House training might take some time with this breed, as with other toy breeds, but you should be able to accomplish it with some patience and consistency. Cavaliers are eager to please, so are moderately easy to train in other ways, but they are sensitive so should be rewarded with treats and given positive reinforcement rather than harsh discipline. They do well in agility, obedience and rally competitions. Early socialization is good for them to get used to being around different people and circumstances.
As a spaniel at heart, the Cavalier enjoys being outside and active, but is also content as a lap dog with just a daily walk. A small yard is good for him to be able to play around in, but it should be fenced so he doesn’t run off exploring. You will want to use a leash when exercising them, because they still have hunting and prey drives and will happily go off after a trail that they find. Some daily exercise is important, as otherwise they will be more prone to anxiety and other behavioural issues. If you like to hike, you can build them up to longer walks over time.
A high quality food should be fed to Cavaliers, that is formulated for small or toy breeds. There should be a good amount of protein contained in it, to help with growth and development, and of course a good balance of carbohydrates, fat, vitamins, and minerals. The protein should be whole protein, or protein meal. Good food should also contain whole grains and fruits and vegetables. They need a lot of calories because they have a fast metabolism. Fresh and clean water should always be available.
It is best to stick to the same food your breeders were feeding your Cavalier puppy to start with, or it may lead to an upset stomach. Dry food is best for their teeth, and they can be fed four times a day till 6 months old, then three times a day after that. Once they get to a year old, they will be fine with two meals a day – one in the morning and one in the evening. Don’t give puppies table scraps as it will give them a severe case of diarrhoea. They shouldn’t need supplements if they are getting outdoors and getting sunlight, and you’re feeding them properly.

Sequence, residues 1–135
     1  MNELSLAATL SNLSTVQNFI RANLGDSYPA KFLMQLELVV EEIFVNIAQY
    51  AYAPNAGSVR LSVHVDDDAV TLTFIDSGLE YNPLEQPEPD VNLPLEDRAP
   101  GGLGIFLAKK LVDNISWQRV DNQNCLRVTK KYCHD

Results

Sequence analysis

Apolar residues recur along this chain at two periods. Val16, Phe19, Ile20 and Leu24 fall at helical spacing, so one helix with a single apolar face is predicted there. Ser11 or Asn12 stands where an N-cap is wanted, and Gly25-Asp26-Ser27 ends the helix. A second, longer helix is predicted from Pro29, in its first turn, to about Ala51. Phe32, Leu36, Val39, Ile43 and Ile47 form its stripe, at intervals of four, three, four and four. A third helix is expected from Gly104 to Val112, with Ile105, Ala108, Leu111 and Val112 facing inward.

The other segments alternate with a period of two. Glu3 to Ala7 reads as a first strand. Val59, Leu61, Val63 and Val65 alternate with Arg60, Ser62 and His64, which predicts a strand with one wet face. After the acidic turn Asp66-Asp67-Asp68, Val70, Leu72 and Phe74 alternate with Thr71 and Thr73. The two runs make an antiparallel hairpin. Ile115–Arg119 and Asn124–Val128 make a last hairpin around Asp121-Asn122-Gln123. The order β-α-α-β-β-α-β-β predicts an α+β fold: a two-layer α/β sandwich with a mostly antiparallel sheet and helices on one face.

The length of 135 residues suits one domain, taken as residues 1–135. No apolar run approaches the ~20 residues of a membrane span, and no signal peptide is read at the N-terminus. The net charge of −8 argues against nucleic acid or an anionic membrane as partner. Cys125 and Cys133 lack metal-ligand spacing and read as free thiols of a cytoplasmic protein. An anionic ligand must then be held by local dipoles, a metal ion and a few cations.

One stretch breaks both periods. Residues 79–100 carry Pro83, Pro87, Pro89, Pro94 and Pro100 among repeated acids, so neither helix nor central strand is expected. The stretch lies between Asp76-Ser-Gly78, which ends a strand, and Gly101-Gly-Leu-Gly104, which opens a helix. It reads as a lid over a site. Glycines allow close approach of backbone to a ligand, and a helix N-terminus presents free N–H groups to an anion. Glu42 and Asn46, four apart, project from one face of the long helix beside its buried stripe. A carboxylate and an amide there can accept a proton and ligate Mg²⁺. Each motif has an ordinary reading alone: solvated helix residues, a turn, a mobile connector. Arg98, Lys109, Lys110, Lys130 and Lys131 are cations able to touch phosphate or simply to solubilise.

Avoid corn and wheat in their diet, as they often lead to food allergies and don’t contain a lot of nutritional value for the dog. If you do suspect a food allergy it might be worth switching to a limited ingredient diet till it clears up, and then gradually reintroducing other ingredients.
Recommended daily feeding amount: 1 to 1.5 cups of food daily, split between two meals.
If you’re training your Cavalier to take part in agility or other types of competitions, you may want to switch over to a working or active dog type of food to ensure he has the nutrients he needs. On the other hand, if he lies around the house a lot then you need to watch out that he doesn’t gain weight by eating too much.
Common Health Concerns
Mitral Valve Disease can be a concern with Cavaliers as it is quite common. It starts off with a heart murmur and progressively worsens, turning into heart failure eventually. A cardiac exam is a recommended health test, and breeding parent dogs should be checked as there is a genetic component to this disease. Canine Hip Dysplasia (CHD) is also common – where their hip joint doesn’t function correctly. However many dogs with this condition can still live a normal active lifestyle.
Patellar Luxation is a minor health condition that can affect Cavalier King Charles Spaniels. This is where the knee joint slides in and out of place. It can be a minor discomfort, but can also be crippling in some dogs. There are also eye conditions that they are prone to, so ideally an Opthalmic Evaluation would be given.
Cavalier King Charles Spaniels are often purchased without any clear understanding of what goes into owning one. There are many Cavalier King Charles Spaniels in need of adoption and or fostering. There are a number of rescues that we have not listed. If you don’t see a rescue listed for your area, contact the national breed club or a local breed club and they can point you toward a Cavalier King Charles Spaniels rescue.